As Not Seen on TV
Wake up, go to work, come home, watch TV. Wake up, go to work, come home, watch TV. Ad nauseam.
I was doing just that right up until I canceled my cable subscription. How could I go on without endless channels of reality shows and infomercial clowns? I didn’t know. But the daily cycle felt like a slow drift to a lobotomy. Enough.
I needed a theme for life without TV, and then it dawned on me: I would become my own reality star. I was going to live like my life was being filmed, putting all that money I would have spent on cable into my own reality—minus the crass behavior and antics.
To be clear, I had no intention of filming an actual show. I just hoped to begin living as though I was on camera. I would imagine that my life was interesting enough to film, that I’d be engaged enough to write my own story. Not in words, but in actions, reality, substance.
I would imagine that my life was interesting enough to film, that I’d be engaged enough to write my own story
To be fair to cable, I developed my reality budget based on what a premium cable deal costs, about $200 per month on the upper end. What could I sub for that? And it had to be during the same times I would normally be watching the demise of Western civilization on the tube, such as evenings or weekends.
After learning how to use a pencil again, I made two lists of things to do: one for going out and one for staying in. For excursions, I scanned the papers for semi-regular activities. I found theater, concerts, book clubs, basket weaving, fantasy football, and classes for a variety of skills, such as cooking and karate.
It was a stretch because I normally spend my Saturdays watching beer and pizza commercials peppered with the occasional football play.
I wanted to do something social that also involved physical activity: I just had to lose all that weight I had gained watching others exercise on TV. Karate and dancing made the short list.
My journey started at CSP Dance Studios off of San Mateo. I was a bit apprehensive given my three left feet. And really, could I possibly get as much from learning the Texas two-step as watching a rerun of “All in the Family”? (Edith, get me a beer!) Amazingly, CSP offers unlimited classes for a month for about $100. They even taught me some line dancing, which I’ll never admit to liking, though there might be some photos showing otherwise. (I’ll buy them from you!)
I had become my own reality TV star and lost the sad apathy of living vicariously through others.
After just a few lessons, I tried a social dance, and before I knew it, I was getting around the floor like Fred Astaire. Well, more like Fred with a severe hangover. I soon discovered that Albuquerque has dozens of places to dance two-step, salsa, tango, swing and more, and I met some great people along the way. A guy or gal could dance every night of the week if so inclined.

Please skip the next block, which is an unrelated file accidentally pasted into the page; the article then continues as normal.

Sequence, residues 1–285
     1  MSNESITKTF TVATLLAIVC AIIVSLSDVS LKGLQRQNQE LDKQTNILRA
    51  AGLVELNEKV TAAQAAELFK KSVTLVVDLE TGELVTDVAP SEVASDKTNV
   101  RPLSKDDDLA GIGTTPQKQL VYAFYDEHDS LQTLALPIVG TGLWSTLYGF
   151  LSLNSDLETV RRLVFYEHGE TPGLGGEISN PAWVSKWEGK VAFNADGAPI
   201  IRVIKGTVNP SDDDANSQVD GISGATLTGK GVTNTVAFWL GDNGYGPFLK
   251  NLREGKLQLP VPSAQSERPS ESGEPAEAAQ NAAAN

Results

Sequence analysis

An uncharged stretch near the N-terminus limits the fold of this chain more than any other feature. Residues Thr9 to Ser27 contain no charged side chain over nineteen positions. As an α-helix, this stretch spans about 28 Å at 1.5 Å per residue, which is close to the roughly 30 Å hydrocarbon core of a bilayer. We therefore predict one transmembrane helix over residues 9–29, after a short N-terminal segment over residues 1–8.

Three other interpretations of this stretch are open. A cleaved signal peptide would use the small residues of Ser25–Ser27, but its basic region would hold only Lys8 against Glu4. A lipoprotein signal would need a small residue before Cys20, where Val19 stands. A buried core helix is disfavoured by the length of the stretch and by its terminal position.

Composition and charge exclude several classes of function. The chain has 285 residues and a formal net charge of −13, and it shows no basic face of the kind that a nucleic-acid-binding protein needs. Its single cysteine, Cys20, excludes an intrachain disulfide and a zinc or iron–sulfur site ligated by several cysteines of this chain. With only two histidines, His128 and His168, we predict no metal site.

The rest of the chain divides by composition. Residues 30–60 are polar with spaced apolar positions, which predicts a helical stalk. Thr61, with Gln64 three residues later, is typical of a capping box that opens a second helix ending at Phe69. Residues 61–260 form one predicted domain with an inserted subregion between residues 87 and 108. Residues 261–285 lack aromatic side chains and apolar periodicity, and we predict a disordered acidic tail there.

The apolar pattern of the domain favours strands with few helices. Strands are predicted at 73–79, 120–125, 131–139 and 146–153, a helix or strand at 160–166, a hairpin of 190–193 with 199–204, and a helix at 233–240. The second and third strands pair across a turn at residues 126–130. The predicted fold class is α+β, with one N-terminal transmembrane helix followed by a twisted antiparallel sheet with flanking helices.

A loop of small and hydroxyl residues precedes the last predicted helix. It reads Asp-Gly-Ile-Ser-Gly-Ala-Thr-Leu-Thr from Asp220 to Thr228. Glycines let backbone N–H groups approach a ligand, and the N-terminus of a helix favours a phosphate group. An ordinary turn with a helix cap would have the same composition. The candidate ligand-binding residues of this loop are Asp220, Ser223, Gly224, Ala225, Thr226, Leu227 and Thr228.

OK, after dance lessons, I had $101 left over. Now what?
Ever since hustling my classmates out of their milk money, it’s been my dream to be a poker star, the next Doyle Brunson or Phil Hellmuth. My next stop was the Hard Rock Casino at Isleta. For only $20, I entered a Texas Hold ’em tournament. I played four games over the month, lost three of them, and made the money pool on one for a total of $120 won—or $40 net. That meant after poker, I still had $141 of my reality budget.
I just put it into savings—easier to do now that TV wasn’t telling me where to spend my money.
Dance lessons and poker were making me feel a bit self-indulgent. Part of my new reality had to include some giving back. I discovered that Habitat for Humanity needs volunteers to help with building homes on Saturdays around Albuquerque. It was a stretch because I normally spend my Saturdays watching beer and pizza commercials peppered with the occasional football play. But there I was, learning how to install drywall, frame windows and improve my sweeping technique. (“Show me sand the floor, Daniel-san.”). What I gave in labor I got back in the form of new skills I can use someday when I build my own house—without a TV room.
Of course, I didn’t go out every night. At home, I read the newspaper. I read books on home repair and how to tie trout flies.
I listened to music—not the diversionary music you put on when you’re stuck in traffic, but the kind that demands focused, appreciative listening, like folks did in the good old days. It turned out to be a great cure for the attention deficit disorder TV had given me.
I had become my own reality TV star and lost the sad apathy of living vicariously through others. Cable television was eclipsed by my first dance lesson, my first poker game and the first nail I sank into the sweet-smelling lumber of a Habitat house. I kept my mind active, lost 20 pounds, saved money and made some great friends. When’s the last time TV did that for you?
Kurt Swearingen is a father, forester, knife-maker and writer who contributes regularly to national outdoor publications—when he's not
watching TV, that is.
The opinions expressed are solely those of the author.
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